Those directly impacted by COVID-19 can withdraw up to $100,000 penalty-free.

Normally, we wouldn’t recommend tapping retirement funds to pay for current expenses. However, COVID-19 has brought many challenges to business owners and others.

In case you haven’t heard, the Coronavirus Aid, Relief, and Economic Security Act (CARES Act) allows an eligible IRA owner to withdraw up to $100,000 in 2020. Payback must be made within three years, and best of all, there is no federal income tax penalty. There are no restrictions on how you can use the funds, which makes it helpful for managing cash flow.

These distributions can be made in a lump sum, or over several months or years, to a combined limit of $100,000. Repayment must be made within the three year window.

Typically, tapping your IRA before age 59½ will trigger an additional 10% tax on the withdrawal amount for the withdrawn funds.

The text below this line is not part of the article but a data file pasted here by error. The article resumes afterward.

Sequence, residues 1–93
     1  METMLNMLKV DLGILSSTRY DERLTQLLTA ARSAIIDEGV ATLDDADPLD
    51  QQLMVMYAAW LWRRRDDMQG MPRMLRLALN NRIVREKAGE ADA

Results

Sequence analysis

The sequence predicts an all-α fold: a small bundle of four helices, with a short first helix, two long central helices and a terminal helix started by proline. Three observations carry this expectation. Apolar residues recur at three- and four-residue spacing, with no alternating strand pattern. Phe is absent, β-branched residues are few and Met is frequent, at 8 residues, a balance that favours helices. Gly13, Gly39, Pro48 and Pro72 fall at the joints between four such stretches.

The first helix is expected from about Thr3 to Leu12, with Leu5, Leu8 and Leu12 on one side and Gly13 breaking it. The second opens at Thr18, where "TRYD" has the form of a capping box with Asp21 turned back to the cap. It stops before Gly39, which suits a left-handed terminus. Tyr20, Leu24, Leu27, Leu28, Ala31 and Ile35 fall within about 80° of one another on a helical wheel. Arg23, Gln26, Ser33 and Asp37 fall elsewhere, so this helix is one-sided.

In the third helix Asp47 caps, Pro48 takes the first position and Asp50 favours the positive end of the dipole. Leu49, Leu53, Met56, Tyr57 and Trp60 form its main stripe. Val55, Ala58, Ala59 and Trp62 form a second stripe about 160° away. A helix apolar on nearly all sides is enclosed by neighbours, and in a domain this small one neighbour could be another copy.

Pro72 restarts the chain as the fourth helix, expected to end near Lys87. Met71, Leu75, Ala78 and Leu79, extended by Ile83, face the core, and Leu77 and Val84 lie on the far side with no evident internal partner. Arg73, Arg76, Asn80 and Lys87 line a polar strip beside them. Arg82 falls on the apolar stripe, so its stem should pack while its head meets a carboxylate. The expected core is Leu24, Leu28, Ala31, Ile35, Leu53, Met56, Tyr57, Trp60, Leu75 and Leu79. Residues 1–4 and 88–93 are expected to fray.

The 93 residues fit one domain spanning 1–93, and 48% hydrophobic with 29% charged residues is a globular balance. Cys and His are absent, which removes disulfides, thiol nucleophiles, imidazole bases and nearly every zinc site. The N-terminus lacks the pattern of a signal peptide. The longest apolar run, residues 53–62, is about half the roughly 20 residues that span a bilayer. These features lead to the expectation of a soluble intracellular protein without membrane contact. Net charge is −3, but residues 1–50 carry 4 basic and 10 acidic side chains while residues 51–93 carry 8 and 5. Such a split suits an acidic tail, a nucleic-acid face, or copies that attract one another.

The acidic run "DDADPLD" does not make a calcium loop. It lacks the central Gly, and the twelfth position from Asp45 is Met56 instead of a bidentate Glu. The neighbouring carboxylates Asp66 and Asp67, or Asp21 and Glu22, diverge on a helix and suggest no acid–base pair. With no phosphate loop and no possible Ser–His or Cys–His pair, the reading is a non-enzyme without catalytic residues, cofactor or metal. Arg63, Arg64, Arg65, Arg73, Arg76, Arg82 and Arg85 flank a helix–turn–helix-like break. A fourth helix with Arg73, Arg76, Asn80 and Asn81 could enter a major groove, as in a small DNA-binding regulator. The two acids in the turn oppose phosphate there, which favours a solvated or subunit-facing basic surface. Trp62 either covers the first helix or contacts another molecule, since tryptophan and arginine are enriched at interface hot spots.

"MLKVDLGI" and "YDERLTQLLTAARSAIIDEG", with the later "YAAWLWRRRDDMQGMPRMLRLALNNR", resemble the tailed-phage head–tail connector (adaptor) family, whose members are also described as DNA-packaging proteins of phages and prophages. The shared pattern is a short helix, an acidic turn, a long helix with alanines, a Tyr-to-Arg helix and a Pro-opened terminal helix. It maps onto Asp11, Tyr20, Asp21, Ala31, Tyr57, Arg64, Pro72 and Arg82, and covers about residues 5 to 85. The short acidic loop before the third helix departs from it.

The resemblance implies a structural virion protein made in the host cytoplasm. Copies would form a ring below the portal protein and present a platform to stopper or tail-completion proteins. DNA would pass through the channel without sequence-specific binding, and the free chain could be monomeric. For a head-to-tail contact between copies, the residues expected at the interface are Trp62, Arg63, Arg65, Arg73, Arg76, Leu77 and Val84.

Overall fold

Who is eligible?

  • You yourself, or a dependent were diagnosed with COVID-19;
  • You, your spouse, or a member of your household (someone who shares your principle residence) experienced adverse financial consequences as a result of the quarantine, including:
    • being furloughed or laid off, or having work hours reduced due to COVID-19;
    • had a reduction in pay (or self-employment income) due to COVID-19 or having a job offer rescinded or start date for a job delayed due to COVID-19;
    • being unable to work because childcare is unavailable due to COVID-19; or
    • closing or reducing hours of a business you own or operate due to COVID-19.

If you are not a qualified individual, then you will not qualify for the special tax treatment. You will  be subject to the normal tax rules retirement account loans detailed above.

Please give us a call before you decide whether to take advantage of this as there are administrative costs associated with these with withdrawals. 

Question of the Week

Q: Has Congress issued any additional guidance or rules on the repayment of CARES loan?

A: No. We will update you as soon as we hear.

Jill Kuksa & Deb Hanselmann